Tucked away today on the most eastern course E today, Luna Rossa Prada Pirelli and Ineos Team UK resumed battle today, Auckland. After a shaky start, Ben Ainslie and crew really had to get some points on the leaderboard.
The Hauraki Gulf – which translates to Northerly Wind – lived up to its name today with solid 18 -21 knots on the usual race courses, which prompted race officials to move down to Course E – affectionally known as “The Back Paddock – where the breeze is a more sedate but shiftier 10 knots.
Into who’s hands this will play remains to be seen. Ineos relies strongly on the tactical nous of Giles Scott who is unique among the challengers in his role as a dedicated tactician. Luna Rossa on the other hand will have Jimmy Spithill and Francesco Bruni sharing the roles of helmsman and tactician as well as traveler and rudder rake control.
Here’s how the day unfolded:
Finally we got to see some argy-bargy in the prestart between Spithill and Ainslie. Ineos set up to leeward of Luna Rossa and aimed for the hook as the boats made their way back to the start line, but Luna Rossa paced up and got clear ahead of them. Ineos dropped back a couple of boatlengths and tacked away. Luna Rossa slammed a tight cover and went with them, both boats starting on port, heading for the right hand boundary.
The boats so far seemed much more evenly matched today. When they tacked at the boundary, Luna Rossa stayed ahead and lead back all the way to the port boundary about 60 metres in front. This was the first real line up we have seen where the boats were content to sail side by side, attempting to gain an advantage in pure speed and height over the opponent rather than looking for different breeze. Ineos looked to have a much better high mode and was making inroads when they tacked short of the boundary. Luna Rossa carried on to the boundary and the lay line, making it to the top mark with a couple less manoeuvres and stepping out to a lead of more than 100m in the top portion of the course. The delta at the mark was 9 seconds.
Downwind boat speeds were very even, the boats locked at 140m apart. If there is any difference between the two was in the manoeuvres. Luna Rossa seemed to gain a boat length or so every time they tack or gybe. Luna Rossa round the bottom mark 9 seconds ahead again but it seemed much closer than it was at the top mark. Luna Rossa rounded the left hand gate and extended to that side of the course where Ineos went for the same gate but kept both foils down and rolled straight into a tack, effectively completing a 180 degree turn at 40+ knots.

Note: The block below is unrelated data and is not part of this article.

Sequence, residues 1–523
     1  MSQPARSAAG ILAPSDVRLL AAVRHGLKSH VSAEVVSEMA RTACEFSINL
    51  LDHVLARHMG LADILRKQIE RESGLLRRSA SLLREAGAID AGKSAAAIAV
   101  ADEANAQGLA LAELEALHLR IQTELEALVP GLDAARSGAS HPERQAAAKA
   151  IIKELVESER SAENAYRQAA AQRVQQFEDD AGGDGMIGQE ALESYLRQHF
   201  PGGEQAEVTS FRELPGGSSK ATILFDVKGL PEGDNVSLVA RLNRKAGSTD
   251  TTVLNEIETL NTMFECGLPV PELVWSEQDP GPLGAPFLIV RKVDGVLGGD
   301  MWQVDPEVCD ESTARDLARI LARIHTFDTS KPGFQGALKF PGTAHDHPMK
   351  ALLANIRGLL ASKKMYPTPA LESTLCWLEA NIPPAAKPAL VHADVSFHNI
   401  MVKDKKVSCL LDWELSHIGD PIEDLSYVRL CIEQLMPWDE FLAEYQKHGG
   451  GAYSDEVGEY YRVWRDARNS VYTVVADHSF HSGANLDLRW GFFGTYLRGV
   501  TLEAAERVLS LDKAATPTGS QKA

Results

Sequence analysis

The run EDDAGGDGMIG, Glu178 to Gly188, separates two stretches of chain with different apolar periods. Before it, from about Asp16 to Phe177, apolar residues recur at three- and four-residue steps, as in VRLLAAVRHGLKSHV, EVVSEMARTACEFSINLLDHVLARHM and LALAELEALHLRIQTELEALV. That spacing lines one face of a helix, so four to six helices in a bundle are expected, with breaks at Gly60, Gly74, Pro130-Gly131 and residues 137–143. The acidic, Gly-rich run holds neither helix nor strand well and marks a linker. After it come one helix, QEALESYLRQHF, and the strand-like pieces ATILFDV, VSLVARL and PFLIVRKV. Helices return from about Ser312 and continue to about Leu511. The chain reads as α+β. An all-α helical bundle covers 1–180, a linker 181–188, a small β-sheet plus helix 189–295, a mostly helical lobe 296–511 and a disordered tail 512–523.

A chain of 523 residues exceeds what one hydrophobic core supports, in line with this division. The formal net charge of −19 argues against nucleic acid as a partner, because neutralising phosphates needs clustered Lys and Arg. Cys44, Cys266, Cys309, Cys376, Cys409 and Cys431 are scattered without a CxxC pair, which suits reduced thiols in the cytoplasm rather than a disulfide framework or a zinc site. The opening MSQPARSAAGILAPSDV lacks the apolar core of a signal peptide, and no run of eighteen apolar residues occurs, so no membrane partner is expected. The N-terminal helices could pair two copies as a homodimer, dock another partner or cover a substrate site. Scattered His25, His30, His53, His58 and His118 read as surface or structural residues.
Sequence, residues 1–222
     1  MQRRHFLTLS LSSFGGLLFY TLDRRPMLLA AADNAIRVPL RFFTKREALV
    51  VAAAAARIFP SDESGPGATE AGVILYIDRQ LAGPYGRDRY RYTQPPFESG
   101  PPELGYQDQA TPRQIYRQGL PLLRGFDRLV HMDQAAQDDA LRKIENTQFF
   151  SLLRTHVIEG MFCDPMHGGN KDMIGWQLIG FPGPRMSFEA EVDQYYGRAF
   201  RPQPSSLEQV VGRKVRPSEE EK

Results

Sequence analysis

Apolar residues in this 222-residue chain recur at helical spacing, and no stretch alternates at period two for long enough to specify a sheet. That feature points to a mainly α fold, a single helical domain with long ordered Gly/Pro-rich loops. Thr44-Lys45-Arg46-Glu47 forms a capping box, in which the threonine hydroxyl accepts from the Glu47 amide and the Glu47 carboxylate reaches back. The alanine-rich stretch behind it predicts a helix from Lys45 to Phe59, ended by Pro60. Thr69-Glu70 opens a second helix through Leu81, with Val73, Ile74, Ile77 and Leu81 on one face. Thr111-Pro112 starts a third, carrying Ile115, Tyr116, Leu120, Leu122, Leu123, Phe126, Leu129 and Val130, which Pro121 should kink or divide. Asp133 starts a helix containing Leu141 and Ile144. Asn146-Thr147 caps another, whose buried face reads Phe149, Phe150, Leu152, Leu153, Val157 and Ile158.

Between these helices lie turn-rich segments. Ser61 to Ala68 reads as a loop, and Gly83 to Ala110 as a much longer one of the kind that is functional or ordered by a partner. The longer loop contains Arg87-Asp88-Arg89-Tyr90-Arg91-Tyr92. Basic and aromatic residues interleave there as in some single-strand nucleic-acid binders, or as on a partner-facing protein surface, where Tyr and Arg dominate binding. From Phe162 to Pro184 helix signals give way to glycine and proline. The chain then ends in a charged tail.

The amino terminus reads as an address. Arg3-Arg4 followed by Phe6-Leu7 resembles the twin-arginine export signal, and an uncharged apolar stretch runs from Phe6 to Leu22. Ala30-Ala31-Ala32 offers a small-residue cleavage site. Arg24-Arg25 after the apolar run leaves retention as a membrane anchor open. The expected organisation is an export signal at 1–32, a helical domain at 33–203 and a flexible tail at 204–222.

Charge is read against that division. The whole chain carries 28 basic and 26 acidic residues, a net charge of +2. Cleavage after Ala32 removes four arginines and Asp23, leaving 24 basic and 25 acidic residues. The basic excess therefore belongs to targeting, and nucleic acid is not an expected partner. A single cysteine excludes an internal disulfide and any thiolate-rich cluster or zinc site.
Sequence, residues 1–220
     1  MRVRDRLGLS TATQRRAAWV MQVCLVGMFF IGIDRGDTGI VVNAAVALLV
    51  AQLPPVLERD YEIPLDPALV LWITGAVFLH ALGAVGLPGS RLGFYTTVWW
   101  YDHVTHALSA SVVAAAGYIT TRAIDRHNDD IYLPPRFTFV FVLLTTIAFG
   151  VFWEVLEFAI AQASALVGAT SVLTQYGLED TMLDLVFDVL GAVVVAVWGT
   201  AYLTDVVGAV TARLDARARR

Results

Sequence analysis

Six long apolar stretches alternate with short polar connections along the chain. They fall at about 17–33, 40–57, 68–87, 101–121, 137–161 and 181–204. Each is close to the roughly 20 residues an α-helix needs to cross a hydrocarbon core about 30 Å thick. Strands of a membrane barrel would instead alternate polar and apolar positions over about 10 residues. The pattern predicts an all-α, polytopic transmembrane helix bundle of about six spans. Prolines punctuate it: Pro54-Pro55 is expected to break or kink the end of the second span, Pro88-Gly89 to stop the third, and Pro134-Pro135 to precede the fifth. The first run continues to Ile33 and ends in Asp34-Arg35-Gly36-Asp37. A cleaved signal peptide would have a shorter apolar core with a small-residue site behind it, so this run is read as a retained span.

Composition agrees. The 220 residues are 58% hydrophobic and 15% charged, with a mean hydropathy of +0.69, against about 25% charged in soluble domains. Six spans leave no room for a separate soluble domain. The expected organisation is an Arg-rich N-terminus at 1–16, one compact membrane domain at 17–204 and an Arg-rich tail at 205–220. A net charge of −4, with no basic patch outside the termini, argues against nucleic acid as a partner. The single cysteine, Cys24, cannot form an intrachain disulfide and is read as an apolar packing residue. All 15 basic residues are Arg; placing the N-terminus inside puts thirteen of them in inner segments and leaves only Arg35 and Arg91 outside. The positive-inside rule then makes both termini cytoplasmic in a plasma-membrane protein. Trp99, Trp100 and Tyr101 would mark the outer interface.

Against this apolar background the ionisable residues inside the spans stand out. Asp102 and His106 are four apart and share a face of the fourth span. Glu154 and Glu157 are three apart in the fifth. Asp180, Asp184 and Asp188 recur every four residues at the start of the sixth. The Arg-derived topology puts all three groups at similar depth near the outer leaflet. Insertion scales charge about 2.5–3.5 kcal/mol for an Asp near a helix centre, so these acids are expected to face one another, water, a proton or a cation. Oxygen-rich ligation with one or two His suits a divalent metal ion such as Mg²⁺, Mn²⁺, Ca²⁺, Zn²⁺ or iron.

Despite only holding a narrow lead, Luna Rossa initially seemed happy to let Ineos split from them and instead of following Luna Rossa out to the left, they continued to the boundary. As they came back together, Spithill and Bruni executed a textbook slam-dunk, tacking directly in front of Ineos and forcing them to do another tack having barely accelerated back to race speed after their previous tack. This was now a real match race. Luna Rossa was clearly faster through the manoeuvres, eking out an advantage of 180 metres. They must have seen their advantage and were keen to press it home, forcing Ineos to either sail in the wash behind Luna Rossa’s wing sail or tack again and again, bouncing off the boundary and never really getting to stretch their legs and accelerate. This was perhaps the closest thing we have seen to a classic match race between two AC75s.
Luna Rossa rounds the mark in front again, their lead stretching out to 18 seconds and 320 metres. If Ineos is going to have a chance in this series, they need to start taking the races to Luna Rossa, thus far they have let Spithill and Bruni dictate terms and sail where they want to, leaving Ineos to sail in the less desirable part of the race course. A brilliant layline call at the bottom mark was nearly spoiled by a less than stellar “J-K” which is what Spithill and Bruni call a tack-rounding at the bottom mark. They set off up wind still ahead, but gave most of their lead back to Ineos who were back to within 9 seconds behind.